|Publication number||US4031388 A|
|Application number||US 05/503,693|
|Publication date||Jun 21, 1977|
|Filing date||Sep 6, 1974|
|Priority date||Sep 8, 1973|
|Also published as||CA1012661A, CA1012661A1|
|Publication number||05503693, 503693, US 4031388 A, US 4031388A, US-A-4031388, US4031388 A, US4031388A|
|Inventors||Masato Morita, Reiko Morita, Kiyoteru Otozai|
|Original Assignee||International Nuclear Fuel Co., Ltd.|
|Export Citation||BiBTeX, EndNote, RefMan|
|Patent Citations (5), Non-Patent Citations (3), Referenced by (9), Classifications (23)|
|External Links: USPTO, USPTO Assignment, Espacenet|
The present invention relates to a method for the quantitative or qualitative analysis of isotopes. More particularly, the present invention relates to a method for the qualitative or quantitative analysis of particular isotopes by detecting the existence the gamma ray or internal conversion electrons emitted from the isotope in the excited state or by quantitively analyzing the emission dose of the gamma rays or internal conversion electrons.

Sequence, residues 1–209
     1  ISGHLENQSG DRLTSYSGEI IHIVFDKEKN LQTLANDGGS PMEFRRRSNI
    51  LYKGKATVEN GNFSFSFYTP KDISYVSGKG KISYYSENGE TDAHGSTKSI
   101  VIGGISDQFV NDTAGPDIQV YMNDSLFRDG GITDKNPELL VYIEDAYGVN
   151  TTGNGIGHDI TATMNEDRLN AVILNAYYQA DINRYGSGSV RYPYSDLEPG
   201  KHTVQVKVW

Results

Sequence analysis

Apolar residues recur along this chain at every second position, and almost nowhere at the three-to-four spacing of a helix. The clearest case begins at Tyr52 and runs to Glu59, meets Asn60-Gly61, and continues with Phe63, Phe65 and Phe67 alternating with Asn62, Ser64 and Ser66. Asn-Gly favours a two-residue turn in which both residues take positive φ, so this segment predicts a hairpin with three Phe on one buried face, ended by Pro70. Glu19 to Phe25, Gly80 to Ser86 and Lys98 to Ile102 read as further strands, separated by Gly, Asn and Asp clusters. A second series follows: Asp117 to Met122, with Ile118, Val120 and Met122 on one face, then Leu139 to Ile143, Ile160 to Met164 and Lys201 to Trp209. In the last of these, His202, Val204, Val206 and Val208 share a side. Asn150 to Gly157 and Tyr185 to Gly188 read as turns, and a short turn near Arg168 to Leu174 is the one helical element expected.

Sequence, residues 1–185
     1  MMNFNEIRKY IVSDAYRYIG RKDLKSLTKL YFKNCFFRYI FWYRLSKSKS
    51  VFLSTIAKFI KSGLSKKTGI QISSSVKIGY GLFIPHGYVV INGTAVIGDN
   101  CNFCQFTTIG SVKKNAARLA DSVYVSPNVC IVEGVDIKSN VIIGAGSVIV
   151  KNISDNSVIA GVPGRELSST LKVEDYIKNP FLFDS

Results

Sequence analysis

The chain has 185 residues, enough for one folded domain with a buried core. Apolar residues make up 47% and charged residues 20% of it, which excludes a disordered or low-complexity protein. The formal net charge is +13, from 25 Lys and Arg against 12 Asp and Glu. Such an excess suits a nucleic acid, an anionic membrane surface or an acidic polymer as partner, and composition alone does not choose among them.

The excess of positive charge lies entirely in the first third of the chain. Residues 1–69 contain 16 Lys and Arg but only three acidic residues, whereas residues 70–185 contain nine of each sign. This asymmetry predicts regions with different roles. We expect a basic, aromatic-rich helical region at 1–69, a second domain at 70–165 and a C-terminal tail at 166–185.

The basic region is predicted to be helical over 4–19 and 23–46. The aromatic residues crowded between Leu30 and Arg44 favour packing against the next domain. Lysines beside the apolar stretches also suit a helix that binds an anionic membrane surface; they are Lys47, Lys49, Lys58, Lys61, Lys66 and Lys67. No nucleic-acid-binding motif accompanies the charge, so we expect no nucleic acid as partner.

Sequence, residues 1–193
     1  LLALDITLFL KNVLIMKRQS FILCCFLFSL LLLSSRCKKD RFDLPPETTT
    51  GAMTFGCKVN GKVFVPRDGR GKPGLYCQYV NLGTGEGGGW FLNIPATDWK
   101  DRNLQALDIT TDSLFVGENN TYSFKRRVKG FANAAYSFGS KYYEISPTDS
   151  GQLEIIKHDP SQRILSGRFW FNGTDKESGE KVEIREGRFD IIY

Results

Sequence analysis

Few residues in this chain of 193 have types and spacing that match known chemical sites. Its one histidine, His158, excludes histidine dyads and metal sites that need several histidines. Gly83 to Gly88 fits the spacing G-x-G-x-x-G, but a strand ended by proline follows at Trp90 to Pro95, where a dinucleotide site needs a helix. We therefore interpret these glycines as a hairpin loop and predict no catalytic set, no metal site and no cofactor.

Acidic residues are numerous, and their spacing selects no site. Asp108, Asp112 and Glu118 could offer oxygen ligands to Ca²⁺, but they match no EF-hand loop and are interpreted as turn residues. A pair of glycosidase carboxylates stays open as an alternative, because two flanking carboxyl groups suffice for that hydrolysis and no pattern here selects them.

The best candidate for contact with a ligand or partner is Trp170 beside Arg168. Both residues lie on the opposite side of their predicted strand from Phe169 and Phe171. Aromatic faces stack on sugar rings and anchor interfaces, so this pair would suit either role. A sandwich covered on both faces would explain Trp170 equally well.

The prior art methods developed hitherto for the quantitative analysis of isotopes include those utilizing a certain kind of physical means taking advantage of the difference in mass among isotopes, for example, mass spectrometry utilizing the Lorentz force for charged particles under the influence of the electromagnetic fields. In general, however, these prior art methods utilizing the difference in mass among isotopes require relatively large apparatus or equipment for making measurement and furthermore, it is difficult to obtain the quantitative analysis of isotopes in a precise manner within a short period of time.
It is an object of the present invention to provide a method for the quantitative analysis of isotopes wherein disadvantages encountered in the prior art methods are overcome.
It is another object of the present invention to provide a method for the quantitative analysis of isotopes wherein the measurement is attained in a precise analysis of isotopes wherein the measurement is attained in a precise manner within a very short period of time using relatively small-scale apparatus.
It is still another object of the present invention to provide a method for the qualitative analysis of isotopes wherein the measurement is attained in a more simple manner within a very short period of time.